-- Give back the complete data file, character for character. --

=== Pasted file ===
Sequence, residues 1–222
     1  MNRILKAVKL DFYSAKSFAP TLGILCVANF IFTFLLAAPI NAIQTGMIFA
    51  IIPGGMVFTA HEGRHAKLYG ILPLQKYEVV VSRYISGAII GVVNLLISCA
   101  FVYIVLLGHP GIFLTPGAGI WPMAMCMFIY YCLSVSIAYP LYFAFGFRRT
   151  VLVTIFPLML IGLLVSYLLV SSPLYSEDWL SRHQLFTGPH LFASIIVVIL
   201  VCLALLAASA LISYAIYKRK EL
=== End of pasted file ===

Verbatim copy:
Sequence, residues 1–222
     1  MNRILKAVKL DFYSAKSFAP TLGILCVANF IFTFLLAAPI NAIQTGMIFA
    51  IIPGGMVFTA HEGRHAKLYG ILPLQKYEVV VSRYISGAII GVVNLLISCA
   101  FVYIVLLGHP GIFLTPGAGI WPMAMCMFIY YCLSVSIAYP LYFAFGFRRT
   151  VLVTIFPLML IGLLVSYLLV SSPLYSEDWL SRHQLFTGPH LFASIIVVIL
   201  VCLALLAASA LISYAIYKRK EL